Author + information
- Received February 11, 1994
- Revision received June 3, 1994
- Accepted July 19, 1994
- Published online December 1, 1994.
- Hirofumi Sawa, MD,
- Craig Lundgren, MD,
- Burton E. Sobel, MD, FACC and
- Satoshi Fujii, MD∗
- ↵∗Present address and address for correspondence: Dr. Satoshi Fujii, University of Vermont College of Medicine, C-350 Given Building, Burlington, Vermont 05405.
Objectives. This study was performed to determine whether altered gene expression of plasminogen activator inhibitor type I (PAI-1) occurs within the arterial wall after experimentally induced balloon injury.
Background. PAI-1, known to inhibit fibrinolysis in the circulation and to be present within atherosclerotic vessels, may influence proteolysis in the arterial wall and neointimal formation after angioplasty.
Methods. In rabbit carotid arteries subjected to balloon injury, both PAI-1 gene and protein expression were assayed sequentially with the use of Northern blotting, in situ hybridization and immunohistochemical studies.
Results. In uninjured, normal vessels PAI-1 messenger ribonucleic acid (mRNA) was not detectable by Northern blotting or in situ hybridization. However, injury was followed within 3 h by increases in PAI-1 mRNA (3.2 kb) of 5.9-fold compared with that in contralateral control carotid arteries (Northern blots). PAI-1 mRNA was detectable by in situ hybridization early after injury first in adventitia; after 24 h it was particularly prominent in the media. From 1 to 4 weeks after injury it was consistently detectable and was localized in neointimal vascular smooth muscle and endothelial cells at a time when neointimal thickening was marked. Cells of both types exhibited PAI-1 protein detected immunohistochemically. In vessels maintained in organ culture after balloon injury in vivo, sustained increases in PAI-1 activity appeared in conditioned media as well.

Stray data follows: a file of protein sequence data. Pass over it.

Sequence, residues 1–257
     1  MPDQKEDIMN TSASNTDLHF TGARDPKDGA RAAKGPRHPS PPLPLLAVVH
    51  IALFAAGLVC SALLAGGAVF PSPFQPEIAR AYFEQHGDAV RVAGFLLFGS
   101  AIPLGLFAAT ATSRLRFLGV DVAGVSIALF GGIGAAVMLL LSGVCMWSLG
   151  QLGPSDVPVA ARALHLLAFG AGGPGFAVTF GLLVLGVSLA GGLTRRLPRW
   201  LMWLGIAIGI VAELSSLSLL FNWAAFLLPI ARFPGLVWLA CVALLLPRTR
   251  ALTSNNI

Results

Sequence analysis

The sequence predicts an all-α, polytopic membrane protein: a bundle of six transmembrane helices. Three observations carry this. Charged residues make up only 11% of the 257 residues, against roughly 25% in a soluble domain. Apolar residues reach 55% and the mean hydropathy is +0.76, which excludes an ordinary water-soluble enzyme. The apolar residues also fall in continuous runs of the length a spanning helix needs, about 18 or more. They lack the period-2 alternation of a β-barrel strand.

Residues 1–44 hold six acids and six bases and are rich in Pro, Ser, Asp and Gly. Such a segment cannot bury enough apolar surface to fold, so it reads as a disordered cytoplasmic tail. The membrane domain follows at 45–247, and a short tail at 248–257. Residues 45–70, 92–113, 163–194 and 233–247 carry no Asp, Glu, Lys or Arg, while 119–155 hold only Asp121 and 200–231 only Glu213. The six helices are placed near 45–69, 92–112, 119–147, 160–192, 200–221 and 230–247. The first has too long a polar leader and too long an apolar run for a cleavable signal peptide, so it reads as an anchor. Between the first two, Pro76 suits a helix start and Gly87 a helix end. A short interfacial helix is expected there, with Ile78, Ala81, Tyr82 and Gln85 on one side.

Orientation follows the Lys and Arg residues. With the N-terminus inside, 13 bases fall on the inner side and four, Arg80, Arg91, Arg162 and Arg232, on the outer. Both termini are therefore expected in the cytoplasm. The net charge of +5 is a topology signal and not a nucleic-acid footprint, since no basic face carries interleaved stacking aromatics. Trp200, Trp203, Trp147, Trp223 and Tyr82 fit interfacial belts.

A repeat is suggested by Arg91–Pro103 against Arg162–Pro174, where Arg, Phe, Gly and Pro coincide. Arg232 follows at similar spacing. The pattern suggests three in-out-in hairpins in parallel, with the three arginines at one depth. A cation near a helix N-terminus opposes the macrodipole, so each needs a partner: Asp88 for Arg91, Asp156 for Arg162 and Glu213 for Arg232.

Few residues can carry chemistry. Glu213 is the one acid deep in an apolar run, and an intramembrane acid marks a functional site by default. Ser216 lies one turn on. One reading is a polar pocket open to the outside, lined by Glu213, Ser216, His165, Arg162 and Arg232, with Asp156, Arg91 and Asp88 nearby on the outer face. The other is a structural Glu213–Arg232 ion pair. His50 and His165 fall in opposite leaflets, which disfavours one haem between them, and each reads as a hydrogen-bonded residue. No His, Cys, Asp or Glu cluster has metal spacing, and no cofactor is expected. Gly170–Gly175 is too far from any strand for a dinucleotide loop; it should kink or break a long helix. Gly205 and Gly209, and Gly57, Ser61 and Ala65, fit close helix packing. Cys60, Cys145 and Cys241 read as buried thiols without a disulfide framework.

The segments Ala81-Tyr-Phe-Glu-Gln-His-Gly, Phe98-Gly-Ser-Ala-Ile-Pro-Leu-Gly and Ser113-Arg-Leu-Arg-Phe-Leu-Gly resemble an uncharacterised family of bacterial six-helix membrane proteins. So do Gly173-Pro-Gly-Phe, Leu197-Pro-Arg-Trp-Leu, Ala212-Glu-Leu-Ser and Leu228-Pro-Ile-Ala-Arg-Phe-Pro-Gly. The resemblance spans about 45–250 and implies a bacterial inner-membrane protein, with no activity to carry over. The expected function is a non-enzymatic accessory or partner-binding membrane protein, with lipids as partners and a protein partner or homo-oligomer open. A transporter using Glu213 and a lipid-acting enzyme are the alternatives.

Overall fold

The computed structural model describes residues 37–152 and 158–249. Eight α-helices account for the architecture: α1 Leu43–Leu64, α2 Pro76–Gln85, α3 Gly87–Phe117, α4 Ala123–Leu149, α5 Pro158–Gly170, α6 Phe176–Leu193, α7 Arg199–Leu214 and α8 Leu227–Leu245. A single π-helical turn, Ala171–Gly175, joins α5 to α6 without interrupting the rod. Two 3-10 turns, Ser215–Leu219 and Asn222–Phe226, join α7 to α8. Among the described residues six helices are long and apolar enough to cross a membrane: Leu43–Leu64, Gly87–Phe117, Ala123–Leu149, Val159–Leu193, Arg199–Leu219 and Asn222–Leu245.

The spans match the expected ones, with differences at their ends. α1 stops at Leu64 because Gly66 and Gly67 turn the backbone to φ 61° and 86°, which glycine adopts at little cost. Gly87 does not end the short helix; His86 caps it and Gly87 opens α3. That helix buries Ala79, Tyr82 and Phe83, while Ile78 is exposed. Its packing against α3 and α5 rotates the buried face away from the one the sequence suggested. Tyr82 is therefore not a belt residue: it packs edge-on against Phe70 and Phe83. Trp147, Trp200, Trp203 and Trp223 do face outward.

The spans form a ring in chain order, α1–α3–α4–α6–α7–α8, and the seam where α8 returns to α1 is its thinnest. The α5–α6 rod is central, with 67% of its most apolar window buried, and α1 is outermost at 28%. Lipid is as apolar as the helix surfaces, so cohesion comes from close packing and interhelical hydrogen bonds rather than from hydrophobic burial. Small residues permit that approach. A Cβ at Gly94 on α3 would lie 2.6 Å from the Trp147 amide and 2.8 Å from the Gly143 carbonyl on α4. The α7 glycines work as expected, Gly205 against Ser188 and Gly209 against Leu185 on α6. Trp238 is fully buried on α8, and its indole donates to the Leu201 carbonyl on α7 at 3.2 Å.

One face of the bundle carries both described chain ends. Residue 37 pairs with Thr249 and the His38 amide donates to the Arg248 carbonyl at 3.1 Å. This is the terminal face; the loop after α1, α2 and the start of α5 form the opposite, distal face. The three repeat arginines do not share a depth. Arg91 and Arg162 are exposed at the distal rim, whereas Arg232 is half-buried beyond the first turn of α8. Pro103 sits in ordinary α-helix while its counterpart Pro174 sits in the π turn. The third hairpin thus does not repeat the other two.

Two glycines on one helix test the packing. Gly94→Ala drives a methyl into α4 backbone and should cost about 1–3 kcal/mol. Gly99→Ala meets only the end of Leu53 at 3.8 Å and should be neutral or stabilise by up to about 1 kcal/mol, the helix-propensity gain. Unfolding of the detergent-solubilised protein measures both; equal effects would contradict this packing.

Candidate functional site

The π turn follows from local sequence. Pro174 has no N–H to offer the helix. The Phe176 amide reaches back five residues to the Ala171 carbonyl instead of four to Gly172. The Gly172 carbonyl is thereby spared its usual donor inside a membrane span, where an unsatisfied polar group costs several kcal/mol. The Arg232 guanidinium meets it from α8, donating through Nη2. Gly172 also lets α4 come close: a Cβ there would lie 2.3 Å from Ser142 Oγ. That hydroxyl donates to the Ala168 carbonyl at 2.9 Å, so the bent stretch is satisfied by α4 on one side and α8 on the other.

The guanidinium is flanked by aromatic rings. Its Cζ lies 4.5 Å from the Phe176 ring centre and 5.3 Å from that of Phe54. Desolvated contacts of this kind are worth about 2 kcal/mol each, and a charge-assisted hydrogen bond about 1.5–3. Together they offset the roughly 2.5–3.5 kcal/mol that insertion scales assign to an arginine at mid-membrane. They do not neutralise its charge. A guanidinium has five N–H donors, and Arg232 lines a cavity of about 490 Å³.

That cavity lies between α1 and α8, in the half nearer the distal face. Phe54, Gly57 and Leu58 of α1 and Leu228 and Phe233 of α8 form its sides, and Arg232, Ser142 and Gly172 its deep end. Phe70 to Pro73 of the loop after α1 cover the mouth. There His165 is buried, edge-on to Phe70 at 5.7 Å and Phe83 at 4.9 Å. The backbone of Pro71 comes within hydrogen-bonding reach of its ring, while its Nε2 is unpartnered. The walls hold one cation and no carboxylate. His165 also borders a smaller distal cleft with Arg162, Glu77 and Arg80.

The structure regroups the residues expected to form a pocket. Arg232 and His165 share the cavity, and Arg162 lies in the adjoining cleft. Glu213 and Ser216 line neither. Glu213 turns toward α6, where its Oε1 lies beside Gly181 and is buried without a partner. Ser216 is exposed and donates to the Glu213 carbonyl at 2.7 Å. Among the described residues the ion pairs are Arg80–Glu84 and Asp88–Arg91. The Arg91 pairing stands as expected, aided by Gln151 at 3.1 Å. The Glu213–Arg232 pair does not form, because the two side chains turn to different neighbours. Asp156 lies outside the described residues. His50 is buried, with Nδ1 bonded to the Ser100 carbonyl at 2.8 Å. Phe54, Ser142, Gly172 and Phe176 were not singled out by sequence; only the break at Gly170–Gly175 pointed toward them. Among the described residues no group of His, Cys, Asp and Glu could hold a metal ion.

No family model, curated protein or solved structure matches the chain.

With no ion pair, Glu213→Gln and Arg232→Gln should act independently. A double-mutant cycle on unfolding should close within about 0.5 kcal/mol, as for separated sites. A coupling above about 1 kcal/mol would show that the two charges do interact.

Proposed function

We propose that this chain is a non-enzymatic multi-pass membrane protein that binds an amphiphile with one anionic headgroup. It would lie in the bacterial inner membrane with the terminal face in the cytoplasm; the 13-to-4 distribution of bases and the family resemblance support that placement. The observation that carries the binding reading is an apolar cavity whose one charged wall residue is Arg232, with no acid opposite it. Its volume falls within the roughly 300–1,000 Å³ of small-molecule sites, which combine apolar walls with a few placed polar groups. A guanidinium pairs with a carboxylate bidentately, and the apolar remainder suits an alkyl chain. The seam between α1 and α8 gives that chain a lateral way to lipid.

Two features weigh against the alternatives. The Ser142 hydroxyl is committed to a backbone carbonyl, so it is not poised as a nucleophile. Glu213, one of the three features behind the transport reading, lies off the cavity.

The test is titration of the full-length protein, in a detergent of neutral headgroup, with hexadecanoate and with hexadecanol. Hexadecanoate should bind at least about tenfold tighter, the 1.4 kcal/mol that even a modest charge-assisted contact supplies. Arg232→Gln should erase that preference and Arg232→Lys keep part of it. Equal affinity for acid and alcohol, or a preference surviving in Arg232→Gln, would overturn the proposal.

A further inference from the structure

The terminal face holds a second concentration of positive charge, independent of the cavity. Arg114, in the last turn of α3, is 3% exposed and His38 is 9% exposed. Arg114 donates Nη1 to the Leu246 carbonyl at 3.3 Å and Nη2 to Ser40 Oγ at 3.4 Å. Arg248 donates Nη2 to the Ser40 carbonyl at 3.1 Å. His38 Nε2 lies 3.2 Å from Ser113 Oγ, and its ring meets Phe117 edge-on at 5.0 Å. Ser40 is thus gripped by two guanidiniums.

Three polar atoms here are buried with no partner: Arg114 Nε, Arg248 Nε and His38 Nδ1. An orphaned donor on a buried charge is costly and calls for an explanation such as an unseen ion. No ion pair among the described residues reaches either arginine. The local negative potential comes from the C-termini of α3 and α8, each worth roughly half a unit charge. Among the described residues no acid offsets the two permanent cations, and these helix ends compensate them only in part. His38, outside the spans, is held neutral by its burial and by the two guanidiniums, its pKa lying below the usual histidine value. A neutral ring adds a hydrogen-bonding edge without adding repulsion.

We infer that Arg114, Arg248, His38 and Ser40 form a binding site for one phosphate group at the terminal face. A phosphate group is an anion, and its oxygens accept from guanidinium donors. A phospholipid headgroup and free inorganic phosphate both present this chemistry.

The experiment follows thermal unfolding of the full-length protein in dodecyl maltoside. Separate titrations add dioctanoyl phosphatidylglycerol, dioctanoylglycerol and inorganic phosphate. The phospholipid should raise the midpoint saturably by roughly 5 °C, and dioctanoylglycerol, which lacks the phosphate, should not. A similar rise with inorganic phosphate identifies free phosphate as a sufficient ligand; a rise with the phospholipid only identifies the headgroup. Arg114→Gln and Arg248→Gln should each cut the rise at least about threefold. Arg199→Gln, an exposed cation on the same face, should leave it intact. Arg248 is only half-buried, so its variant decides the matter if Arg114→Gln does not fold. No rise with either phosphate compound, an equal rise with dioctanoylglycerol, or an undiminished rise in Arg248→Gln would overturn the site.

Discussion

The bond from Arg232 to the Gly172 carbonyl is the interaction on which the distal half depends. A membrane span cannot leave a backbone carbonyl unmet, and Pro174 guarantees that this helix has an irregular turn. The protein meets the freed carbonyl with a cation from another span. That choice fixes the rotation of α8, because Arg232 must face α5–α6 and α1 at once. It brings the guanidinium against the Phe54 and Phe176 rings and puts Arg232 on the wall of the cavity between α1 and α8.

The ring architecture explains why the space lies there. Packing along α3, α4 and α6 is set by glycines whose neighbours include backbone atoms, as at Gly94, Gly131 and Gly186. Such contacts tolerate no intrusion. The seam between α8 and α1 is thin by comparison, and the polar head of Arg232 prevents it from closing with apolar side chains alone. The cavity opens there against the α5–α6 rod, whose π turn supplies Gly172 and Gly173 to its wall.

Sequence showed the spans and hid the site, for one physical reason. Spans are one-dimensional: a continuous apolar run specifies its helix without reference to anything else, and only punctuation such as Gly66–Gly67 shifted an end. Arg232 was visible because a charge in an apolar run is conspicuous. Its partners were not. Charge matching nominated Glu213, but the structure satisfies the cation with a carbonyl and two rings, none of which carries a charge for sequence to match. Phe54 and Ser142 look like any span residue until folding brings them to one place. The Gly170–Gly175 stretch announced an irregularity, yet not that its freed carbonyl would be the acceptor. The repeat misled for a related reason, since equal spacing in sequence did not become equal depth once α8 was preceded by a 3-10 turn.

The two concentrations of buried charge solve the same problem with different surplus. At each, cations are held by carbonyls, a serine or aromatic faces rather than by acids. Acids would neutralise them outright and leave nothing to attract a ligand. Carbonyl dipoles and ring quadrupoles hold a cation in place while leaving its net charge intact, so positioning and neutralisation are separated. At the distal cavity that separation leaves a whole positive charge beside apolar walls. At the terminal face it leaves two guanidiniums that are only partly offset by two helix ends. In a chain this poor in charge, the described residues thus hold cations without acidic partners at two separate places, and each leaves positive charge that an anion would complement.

Conclusions. Our results indicate that balloon injury simulating angioplasty in patients induces intramural expression of PAI-1 in vascular smooth muscle and endothelial cells. The decreased cell surface fibrinolytic activity likely to result from the increased PAI-1 expression may initiate or exacerbate mural thrombosis. Accordingly, excessive stimulation with clot-associated mitogens may stimulate vascular smooth muscle cell proliferation, which, coupled with increased accumulation of extracellular matrix attributable to decreased plasmin-mediated degradation, may contribute to restenosis.
☆ This study was supported in part by Grant HL-17646, SCOR in Coronary and Vascular Diseases, National Heart, Lung, and Blond Institute, National Institutes of Health, Bethesda, Maryland and a grant-in-aid to Dr. Fujii from the American Heart Association, Missouri Affiliate.
- Received February 11, 1994.
- Revision received June 3, 1994.
- Accepted July 19, 1994.